While we are still early in the pandemic-triggered recession, some investors are already seeing the distressed asset investment opportunities—and BH Properties is among them. The investor is expecting a wave of bankruptcies and defaults, and is launching a $200 million debtor-in-possession platform to act on those opportunities in the coming months.
“We’ve already seen a number of high profile bankruptcies and we’re only four months from some of the first shutdowns,” Andrew Van Tuyle, senior managing director at BH Properties, tells GlobeSt.com. “For many of these companies bankruptcy was inevitable; the pandemic just accelerated the process. However, there are still a number of foreclosure and eviction restrictions in place as well as government subsidies that will eventually expire and likely cause a new wave of defaults, evictions and foreclosures. Many tenants won’t be able to survive the prolonged lack of revenue, and we don’t know what commerce will look like post-pandemic. We are expecting to see lots of bankruptcies on both the tenant and landlord side for quite a while.”
Specifically, BH Properties is planning to invest in middle market distressed assets that are either in receivership or facing bankruptcy. “Retail and hospitality are the obvious answers because they’ve taken the bulk of the short term hit,” Van Tuyle says. “I’ve heard many stories about restaurants that have chosen not to return, with operators using this time to cut the less-profitable locations from their portfolio to create a leaner business model. I believe that high-rise office could see some medium term impacts as tenant leases begin to expire. We could certainly see a departure from the urban core and a flight to suburban areas where tenants have less exposure to elevators and common area amenities.”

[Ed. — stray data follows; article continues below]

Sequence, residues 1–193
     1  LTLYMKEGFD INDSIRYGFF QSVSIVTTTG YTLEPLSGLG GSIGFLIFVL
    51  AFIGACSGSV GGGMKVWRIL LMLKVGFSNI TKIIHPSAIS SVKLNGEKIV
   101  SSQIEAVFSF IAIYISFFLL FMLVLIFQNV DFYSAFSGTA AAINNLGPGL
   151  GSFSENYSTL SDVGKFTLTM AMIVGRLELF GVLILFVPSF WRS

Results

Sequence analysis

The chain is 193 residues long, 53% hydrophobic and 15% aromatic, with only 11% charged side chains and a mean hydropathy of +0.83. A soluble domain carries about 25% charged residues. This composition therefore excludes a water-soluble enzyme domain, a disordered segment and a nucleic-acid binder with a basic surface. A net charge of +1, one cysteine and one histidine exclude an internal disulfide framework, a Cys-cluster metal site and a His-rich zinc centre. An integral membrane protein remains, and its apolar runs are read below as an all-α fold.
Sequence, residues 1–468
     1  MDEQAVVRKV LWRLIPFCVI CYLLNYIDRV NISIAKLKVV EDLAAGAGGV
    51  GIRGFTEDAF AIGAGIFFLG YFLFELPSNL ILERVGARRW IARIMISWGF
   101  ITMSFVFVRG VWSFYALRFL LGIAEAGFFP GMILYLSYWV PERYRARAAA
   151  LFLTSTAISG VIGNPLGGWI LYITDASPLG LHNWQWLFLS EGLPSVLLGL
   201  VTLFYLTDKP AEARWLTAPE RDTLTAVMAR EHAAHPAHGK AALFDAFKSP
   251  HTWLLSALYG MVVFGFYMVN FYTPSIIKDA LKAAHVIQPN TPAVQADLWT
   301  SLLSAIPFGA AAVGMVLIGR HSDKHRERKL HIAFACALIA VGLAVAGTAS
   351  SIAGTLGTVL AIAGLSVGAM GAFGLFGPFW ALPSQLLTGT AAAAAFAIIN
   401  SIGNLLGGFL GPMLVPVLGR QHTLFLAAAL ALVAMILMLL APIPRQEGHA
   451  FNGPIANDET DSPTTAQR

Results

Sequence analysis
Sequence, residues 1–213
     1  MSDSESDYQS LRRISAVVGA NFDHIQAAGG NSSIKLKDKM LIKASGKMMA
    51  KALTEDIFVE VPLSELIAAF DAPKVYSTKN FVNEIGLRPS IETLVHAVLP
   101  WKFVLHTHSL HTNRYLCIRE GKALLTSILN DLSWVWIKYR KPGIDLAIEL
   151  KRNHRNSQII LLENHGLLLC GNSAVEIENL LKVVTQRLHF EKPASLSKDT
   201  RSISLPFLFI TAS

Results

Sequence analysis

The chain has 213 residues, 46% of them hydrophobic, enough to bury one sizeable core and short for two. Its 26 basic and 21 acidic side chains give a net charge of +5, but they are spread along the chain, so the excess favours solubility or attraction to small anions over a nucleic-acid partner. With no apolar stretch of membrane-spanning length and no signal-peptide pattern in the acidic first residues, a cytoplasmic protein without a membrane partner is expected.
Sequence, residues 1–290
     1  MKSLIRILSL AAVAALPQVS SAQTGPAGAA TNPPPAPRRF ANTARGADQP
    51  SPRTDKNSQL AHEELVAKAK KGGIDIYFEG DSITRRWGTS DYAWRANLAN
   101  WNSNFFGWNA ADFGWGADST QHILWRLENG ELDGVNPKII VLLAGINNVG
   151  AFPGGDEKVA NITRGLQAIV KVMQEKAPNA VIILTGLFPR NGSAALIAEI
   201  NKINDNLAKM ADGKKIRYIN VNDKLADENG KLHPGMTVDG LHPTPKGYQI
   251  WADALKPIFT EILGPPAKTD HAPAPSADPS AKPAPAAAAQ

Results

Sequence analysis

Some geographic markets have additional factors fueling newly distressed asset opportunities, and BH plans to target these properties specifically. “Houston has exposure to the oil markets dropping, Las Vegas is reliant on conferences, and Orlando is reliant on tourism, none of which seem to be getting back to normal any time soon,” says Van Tuyle.
Although the pandemic and the recession that it has brought is still new, Van Tuyle says that it hasn’t taken long to see distressed assets hit the market. “Most people didn’t expect JC Penny to file bankruptcy for at least a few years, but eliminating such a large part of their revenue and debt becoming more scrutinized created a perfect storm for them,” he explains. “Once the government stimulus runs out and the restrictions on the banks expire, we are thinking there will be a new flood of bankruptcies. We could see the bulk of them start in Q4 of this year and carry well into 2021 after the holiday season.”
The DIP platform will play a key role in BH acquiring these opportunities. “We are purposely going after the $50 million and under DIP facilities because we feel we can provide a cost benefit and an efficiency to the market,” says Van Tuyle. “We are 100% in control of our funds and have no investors or outside parties that we need to get approval from, so I believe we can operate on extremely fast time frames for quotes, valuations, or providing creating solutions.”